Anti-inflammatory effect of bee venom in phthalic anhydride-induced atopic dermatitis animal model
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Globally, many people have been affected with atopic dermatitis (AD), a chronic inflammatory skin disease. AD is associated with multiple factors such as genetic, inflammatory, and immune factors. Bee venom (BV) is now widely used for the treatment of several inflammatory diseases. However, its effect on 5% phthalic anhydride (PA)-induced AD has not been reported yet. We investigated the anti-inflammatory and anti-AD effects of BV in a PA-induced animal model of AD. Balb/c mice were treated with topical application of 5% PA to the dorsal skin and ears for induction of AD. After 24 h, BV was applied on the back and ear skin of the mice three times a week for 4 weeks. BV treatment significantly reduced the PA-induced AD clinical score, back and ear epidermal thickness, as well as IgE level and infiltration of immune cells in the skin tissues compared to those of control mice. The levels of inflammatory cytokines in the serum were significantly decreased in BV-treated group compared to PA-treated group. In addition, BV inhibited the expression of iNOS and COX-2 as well as the activation of mitogen-activated protein kinase (MAPK) and NF-ҡB induced by PA in the skin tissues. We also found that BV abrogated the lipopolysaccharide or TNF-α/IFN-γ-induced NO production, expression of iNOS and COX-2, as well as MAPK and NF-ҡB signaling pathway in RAW 264.7 and HaCaT cells. These results suggest that BV may be a potential therapeutic macromolecule for the treatment of AD.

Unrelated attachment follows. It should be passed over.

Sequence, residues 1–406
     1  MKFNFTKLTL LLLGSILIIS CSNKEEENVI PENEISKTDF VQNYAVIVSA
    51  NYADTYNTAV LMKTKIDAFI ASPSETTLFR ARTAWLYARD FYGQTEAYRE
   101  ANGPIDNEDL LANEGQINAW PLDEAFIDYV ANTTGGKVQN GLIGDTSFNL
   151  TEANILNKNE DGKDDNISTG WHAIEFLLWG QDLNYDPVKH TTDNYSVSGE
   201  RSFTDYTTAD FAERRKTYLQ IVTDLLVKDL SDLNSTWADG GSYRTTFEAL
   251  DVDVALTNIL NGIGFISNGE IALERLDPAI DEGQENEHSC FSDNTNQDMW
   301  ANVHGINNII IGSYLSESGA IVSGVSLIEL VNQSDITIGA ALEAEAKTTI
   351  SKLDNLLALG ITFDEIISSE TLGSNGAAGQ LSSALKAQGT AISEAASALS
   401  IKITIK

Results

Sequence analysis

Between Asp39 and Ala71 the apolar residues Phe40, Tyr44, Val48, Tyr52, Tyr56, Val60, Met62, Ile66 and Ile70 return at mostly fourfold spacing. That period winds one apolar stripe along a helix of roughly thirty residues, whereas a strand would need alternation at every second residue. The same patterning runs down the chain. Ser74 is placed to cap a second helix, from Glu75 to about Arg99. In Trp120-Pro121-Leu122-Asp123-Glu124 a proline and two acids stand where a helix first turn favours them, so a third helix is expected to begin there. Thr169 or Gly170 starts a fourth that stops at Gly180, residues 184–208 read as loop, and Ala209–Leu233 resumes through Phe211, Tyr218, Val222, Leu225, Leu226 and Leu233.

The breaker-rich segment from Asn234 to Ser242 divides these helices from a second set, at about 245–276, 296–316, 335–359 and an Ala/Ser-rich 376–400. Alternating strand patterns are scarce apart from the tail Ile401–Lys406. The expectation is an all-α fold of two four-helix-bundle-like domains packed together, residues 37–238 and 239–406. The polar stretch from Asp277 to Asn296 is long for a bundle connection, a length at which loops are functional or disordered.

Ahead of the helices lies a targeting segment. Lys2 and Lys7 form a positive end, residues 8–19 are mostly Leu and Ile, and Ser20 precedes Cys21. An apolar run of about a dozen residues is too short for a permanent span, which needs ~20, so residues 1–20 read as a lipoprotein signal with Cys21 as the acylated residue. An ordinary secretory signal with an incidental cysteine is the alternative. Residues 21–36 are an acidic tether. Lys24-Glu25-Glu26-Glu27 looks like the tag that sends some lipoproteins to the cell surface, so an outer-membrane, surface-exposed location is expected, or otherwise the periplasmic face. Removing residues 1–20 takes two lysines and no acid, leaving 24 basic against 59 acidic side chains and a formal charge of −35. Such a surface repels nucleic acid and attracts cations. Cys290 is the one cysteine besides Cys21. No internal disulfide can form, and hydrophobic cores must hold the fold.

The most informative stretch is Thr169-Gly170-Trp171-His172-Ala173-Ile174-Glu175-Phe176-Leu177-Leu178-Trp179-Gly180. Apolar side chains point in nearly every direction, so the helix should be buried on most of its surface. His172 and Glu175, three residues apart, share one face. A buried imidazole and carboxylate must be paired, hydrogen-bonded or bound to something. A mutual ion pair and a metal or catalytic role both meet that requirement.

KeywordsBee venom Nf-κB Cytokines MAP kinase IgE
This work is financially supported by the National Research Foundation of Korea [NRF] Grant funded by the Korea Government (MSIP) (Grant number MRC2017R1A5A2015541). We would like to thank Editage (www.editage.co.kr) for English language editing.
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Conflict of interest
The authors declare that there is no duality of interest associated with this manuscript.
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